Alex was using his Canon 70D with the Sigma 10-20mm wide-angle lens. You can check out one of our other articles to learn more about the best camera and lens for property photography.
Now, you know us. We’re all about keeping thing super simple here. Here are the simple steps that Alex took when shooting this 3-bed detached house in Nottingham.
#1: Shoot 20 mins after sunset
Check when sunset is by using a website like timeanddate.com or just ask Google “when is sunset in [my city]?”
Around 20 minutes after sunset is your prime dusk shooting window. Don’t worry if it’s a bit before or after, although before is better. If you leave it too late, say 40 mins after sunset, it may be too dark.
#2: Turn on all the lights
Turn on every single internal and external light switch you can find. The more the better. By taking the shots around 20 minutes after sunset, these lights will kick out a beautiful warm glow.
#3: Set your camera to ‘flash off mode’
Spin your mode dial to ‘Flash off’ mode. This is a fully automatic shooting mode that will prevent the flash from popping up and firing.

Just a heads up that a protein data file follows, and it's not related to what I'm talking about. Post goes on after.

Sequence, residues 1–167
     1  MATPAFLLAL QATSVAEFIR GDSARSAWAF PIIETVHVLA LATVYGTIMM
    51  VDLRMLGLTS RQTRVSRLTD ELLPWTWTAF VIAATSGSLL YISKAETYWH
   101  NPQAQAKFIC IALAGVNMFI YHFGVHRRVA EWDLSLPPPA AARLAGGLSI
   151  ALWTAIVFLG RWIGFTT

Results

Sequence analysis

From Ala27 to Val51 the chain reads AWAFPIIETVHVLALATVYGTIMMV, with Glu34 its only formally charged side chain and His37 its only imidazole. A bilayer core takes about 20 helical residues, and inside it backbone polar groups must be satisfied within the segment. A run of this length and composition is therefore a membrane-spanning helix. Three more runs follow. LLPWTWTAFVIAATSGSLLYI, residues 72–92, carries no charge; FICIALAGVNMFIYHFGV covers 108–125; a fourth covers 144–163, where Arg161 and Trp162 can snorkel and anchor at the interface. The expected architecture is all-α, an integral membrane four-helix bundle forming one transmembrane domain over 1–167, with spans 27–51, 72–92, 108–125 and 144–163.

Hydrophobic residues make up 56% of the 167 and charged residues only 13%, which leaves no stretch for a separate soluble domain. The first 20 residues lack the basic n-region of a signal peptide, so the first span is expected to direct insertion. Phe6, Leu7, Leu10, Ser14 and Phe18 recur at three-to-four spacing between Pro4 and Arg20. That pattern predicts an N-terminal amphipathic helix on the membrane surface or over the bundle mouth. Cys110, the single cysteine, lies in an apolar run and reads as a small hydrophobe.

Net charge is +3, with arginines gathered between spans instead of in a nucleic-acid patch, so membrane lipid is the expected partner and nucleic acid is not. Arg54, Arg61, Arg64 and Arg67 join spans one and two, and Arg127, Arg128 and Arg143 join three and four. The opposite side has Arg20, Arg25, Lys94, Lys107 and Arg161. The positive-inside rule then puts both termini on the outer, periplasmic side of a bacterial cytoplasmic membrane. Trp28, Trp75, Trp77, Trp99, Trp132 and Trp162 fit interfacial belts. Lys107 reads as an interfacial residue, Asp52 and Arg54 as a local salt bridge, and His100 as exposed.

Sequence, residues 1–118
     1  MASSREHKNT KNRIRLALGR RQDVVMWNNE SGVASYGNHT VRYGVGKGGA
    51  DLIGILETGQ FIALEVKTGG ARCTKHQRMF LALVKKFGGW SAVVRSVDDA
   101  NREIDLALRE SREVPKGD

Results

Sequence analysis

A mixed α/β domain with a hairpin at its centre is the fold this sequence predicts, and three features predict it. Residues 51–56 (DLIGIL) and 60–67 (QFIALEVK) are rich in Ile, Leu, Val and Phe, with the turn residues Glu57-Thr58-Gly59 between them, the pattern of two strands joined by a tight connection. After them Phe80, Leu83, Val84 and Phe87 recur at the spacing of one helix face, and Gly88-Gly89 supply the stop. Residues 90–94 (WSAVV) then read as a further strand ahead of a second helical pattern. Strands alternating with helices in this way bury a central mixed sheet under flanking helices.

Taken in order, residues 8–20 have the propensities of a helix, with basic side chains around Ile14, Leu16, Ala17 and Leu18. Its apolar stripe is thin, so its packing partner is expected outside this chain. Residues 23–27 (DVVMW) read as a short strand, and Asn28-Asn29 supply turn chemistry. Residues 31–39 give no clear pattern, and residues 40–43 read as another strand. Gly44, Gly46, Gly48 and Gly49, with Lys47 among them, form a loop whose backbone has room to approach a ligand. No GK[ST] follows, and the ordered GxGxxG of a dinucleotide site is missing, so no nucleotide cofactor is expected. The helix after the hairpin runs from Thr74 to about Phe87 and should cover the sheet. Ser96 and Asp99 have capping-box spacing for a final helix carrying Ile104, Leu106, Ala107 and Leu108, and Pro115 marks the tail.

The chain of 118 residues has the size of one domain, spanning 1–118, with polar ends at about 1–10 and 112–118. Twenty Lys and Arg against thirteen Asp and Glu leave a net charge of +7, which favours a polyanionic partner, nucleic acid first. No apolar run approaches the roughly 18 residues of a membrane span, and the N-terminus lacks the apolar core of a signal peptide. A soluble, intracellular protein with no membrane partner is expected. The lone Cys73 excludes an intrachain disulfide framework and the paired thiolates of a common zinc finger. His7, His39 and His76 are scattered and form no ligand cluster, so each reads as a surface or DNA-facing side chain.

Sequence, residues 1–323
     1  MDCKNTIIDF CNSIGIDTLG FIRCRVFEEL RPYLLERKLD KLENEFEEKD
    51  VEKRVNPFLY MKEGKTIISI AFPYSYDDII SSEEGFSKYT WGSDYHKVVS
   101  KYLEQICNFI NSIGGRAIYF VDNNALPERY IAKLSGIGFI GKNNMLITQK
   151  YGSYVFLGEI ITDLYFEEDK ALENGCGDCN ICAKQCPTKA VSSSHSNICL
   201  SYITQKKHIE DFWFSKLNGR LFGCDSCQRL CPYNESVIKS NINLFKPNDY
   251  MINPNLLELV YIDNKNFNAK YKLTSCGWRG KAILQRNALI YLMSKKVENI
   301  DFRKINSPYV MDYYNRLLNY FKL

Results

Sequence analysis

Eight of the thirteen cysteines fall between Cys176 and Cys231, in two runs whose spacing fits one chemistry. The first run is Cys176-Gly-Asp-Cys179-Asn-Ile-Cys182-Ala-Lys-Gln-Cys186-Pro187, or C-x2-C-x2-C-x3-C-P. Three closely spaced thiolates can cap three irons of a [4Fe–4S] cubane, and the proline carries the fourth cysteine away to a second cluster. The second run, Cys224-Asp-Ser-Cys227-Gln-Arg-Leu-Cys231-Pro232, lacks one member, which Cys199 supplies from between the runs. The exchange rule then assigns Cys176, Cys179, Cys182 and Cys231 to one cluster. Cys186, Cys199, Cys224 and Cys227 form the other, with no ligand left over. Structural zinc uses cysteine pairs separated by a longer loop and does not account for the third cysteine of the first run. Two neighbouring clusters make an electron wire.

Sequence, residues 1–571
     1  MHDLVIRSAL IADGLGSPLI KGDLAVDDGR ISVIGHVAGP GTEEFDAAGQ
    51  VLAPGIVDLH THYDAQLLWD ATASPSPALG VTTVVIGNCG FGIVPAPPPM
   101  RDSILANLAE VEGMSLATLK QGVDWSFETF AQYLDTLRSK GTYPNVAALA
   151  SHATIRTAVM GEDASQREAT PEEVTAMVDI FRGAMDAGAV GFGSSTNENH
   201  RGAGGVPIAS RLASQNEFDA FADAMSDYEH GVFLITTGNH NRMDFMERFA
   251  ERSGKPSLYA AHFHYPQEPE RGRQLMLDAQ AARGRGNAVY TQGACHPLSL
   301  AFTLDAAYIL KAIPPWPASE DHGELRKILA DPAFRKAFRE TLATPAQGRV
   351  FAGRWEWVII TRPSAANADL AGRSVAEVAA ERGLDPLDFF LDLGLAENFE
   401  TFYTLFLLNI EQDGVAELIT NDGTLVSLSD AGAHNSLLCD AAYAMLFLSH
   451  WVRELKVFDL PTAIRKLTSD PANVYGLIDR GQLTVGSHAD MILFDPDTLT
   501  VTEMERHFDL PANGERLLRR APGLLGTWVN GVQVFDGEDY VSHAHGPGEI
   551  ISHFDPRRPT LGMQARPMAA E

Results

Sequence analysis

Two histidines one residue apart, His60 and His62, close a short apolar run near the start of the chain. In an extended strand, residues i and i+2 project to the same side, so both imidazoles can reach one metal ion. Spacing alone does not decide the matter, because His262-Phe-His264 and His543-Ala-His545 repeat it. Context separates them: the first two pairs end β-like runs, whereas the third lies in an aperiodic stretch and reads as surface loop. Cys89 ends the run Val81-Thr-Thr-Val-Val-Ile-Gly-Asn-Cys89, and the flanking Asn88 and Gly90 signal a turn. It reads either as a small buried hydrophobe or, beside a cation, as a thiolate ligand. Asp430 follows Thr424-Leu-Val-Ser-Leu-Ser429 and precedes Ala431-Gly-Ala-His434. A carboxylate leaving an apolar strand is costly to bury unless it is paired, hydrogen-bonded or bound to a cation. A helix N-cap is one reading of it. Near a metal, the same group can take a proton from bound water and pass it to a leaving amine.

According to our Canon EOS 70D manual, this mode is “effective for capturing the particular ambience of a scene, such as candlelight scenes.” I would add “…and dusk property photography”.
#4: Set ISO to auto
ISO is about ‘film speed’. Said another way, the darker the light levels, the higher the ISO number should be. Your camera should be more than capable of choosing the correct ISO on its own.
Find a way to set ISO to auto. If you follow our recommendations for how to set your camera up for property photography, it should be set to auto already.
#5: Focus on the house
Point your camera directly at the house and lightly press the shutter button to focus the camera on the house.
Avoid pointing the camera at the ground or the sky when focusing the shot.
#6: Keep still
Light will be low, so you’ll need to keep still to prevent camera blur.
Whenever you can, look for something to help support you. Lean on a fence, against a tree, sit down—whatever it is, just try to support your arms.
Then, take a deep breath, hold it, and take the shot.
#7: Enhance in Photoshop
Unless you get very lucky and there is a beautiful orangey-red sky present when shooting (the shepherds will be delighted!) then you’ll need to edit one in. This is where Elements Property can help with our Image Enhancement service.
You (or we) also need to teak a few other levels to get your dusk shots glowing!
Still not sure how to photograph a house at night?
These tips should help you to get started, but you may need some help when it comes to creating those perfect images to entice buyers and win instructions.
Download our Ultimate Guide to Property Photography for more advice, or take advantage of our Image Enhancement service to tweak your nighttime property photos and make sure that they give the best impression of your special property.
If you’re an agent or property photographer, use BLOG47 for a free Image Enhancement trial when you register your account.